An emergency physician in Charlottetown is raising concerns over cannabis edibles after two young children were taken to hospital in Charlottetown over the weekend. – Reuters

An emergency physician is raising concerns over cannabis edibles after two young children were taken to hospital in Charlottetown over the weekend.

Dr. Aaron Sibley, a staff emergency doctor at the QEH, says one child under the age of 10 was brought to the emergency department after ingesting CBD (cannabidiol) Gummies. The child exhibited paranoia, agitation, drowsiness and nausea. 

The child was kept in the hospital for 36 hours to be monitored until the effects of the cannabis wore off.

“It is disturbing to see a child acting this way,” says Sibley.

Dr. Aaron Sibley, a staff emergency physician at the Queen Elizabeth Hospital in Charlottetown says it was

He says the Gummies were meant for adults, but the supply was not properly secured, and the child ate some. He adds it is difficult to know how much the child ate.

A second child, also under the age of 10, was brought into the emergency department at the QEH over the weekend after ingesting cannabis-induced Gummies intended for adults.

“That child was well” and did not need to remain in the hospital, says Sibley.

“My goal would be to increase public awareness that children are not able to tell the difference between this drug and candy,” he adds. “It’s a drug. It’s definitely a drug. It has clinical effect on the body.”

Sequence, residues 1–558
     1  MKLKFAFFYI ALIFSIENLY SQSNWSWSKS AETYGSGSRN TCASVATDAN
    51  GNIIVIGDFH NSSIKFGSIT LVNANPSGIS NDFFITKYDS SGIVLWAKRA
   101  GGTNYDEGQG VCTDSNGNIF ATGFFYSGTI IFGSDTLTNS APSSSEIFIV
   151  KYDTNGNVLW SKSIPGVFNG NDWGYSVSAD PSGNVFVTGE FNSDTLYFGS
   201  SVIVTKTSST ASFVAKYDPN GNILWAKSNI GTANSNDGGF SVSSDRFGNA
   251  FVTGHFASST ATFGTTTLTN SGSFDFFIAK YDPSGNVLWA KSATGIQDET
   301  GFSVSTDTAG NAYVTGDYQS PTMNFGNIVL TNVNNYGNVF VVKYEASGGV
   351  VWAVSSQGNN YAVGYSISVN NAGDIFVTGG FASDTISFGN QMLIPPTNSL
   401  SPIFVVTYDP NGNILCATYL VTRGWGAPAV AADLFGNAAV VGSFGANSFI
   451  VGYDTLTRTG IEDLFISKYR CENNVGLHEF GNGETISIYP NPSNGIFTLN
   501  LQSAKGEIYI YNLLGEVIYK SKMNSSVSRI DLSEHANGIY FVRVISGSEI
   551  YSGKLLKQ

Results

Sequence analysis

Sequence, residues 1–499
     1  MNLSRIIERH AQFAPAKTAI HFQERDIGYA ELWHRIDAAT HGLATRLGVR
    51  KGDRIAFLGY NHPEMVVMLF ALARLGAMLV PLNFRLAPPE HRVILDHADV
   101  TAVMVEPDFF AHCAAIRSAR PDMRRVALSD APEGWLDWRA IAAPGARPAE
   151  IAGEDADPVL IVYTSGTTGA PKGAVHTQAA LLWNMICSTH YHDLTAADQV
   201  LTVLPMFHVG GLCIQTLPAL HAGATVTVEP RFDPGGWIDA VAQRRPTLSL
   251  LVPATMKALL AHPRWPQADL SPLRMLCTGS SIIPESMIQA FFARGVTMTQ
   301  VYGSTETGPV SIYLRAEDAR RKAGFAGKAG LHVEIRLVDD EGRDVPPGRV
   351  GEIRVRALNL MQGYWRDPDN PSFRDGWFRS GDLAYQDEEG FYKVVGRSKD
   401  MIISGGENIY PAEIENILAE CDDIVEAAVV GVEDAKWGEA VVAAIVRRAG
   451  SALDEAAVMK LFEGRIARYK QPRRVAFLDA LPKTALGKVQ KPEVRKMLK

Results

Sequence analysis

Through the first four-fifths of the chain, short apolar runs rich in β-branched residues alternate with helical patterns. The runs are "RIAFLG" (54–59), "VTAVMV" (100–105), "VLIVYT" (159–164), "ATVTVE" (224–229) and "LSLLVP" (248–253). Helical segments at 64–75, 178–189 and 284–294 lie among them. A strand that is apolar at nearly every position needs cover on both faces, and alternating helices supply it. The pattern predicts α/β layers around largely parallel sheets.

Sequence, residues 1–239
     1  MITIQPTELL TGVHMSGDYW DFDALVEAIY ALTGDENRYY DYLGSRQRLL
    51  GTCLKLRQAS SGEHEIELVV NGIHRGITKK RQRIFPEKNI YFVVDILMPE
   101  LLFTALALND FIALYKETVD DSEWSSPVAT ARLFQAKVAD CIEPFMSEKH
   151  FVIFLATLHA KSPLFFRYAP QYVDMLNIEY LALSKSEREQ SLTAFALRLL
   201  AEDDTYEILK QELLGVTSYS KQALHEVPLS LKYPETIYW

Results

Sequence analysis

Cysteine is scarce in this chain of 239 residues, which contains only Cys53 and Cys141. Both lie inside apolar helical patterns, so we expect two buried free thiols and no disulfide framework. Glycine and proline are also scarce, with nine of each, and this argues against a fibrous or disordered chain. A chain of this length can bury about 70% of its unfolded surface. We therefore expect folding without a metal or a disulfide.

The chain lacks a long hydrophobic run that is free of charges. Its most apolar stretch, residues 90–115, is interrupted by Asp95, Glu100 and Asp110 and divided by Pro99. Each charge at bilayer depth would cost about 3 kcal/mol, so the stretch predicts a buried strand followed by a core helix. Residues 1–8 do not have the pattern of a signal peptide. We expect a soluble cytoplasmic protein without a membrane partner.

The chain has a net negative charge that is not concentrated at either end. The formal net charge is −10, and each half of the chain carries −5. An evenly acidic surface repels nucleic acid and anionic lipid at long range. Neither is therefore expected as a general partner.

Laurie Mosher, clinical leader with the IWK Regional Poison Centre in Halifax, says cannabis edibles should be kept out of the sight and reach of children.

“It looks like a treat: chocolate bars, Gummy bears, chocolate cookies … so lock it up, keep it out of reach,” she says. She also advises adults not to eat the cannabis edibles in front of children.

Mosher says the IWK Regional Poison Centre received eight calls in 2019 from Nova Scotia and P.E.I. concerning incidents of cannabis edibles being consumed by children. Most involved Gummies. Reported symptoms ranged from minor to quite significant, including vomiting, nausea and extreme drowsiness.

So far this year, the centre has received 18 calls reporting cannabis edibles being consumed by children, with at least six being Gummies. Mosher expects the number of calls to reach about 24 by the end of the year.

She would not give the number of calls from P.E.I. to the poison centre the past two years, noting only they are low. However, she adds the calls to the centre likely are “just the tip of the iceberg.’’

Mosher urges people to call the poison centre at 1-800-565-8161 if a child ingests cannabis edibles.

Edible cannabis products, including Gummies, are sold at provincial cannabis stores in P.E.I. Customers must be 19 or older. 

A spokesman with the Finance Department notes there is a provincial information and awareness campaign on cannabis called “Just the Facts” which includes a video that urges consumers to “stash their stash’’ and keep their cannabis products out of the reach of children and pets.

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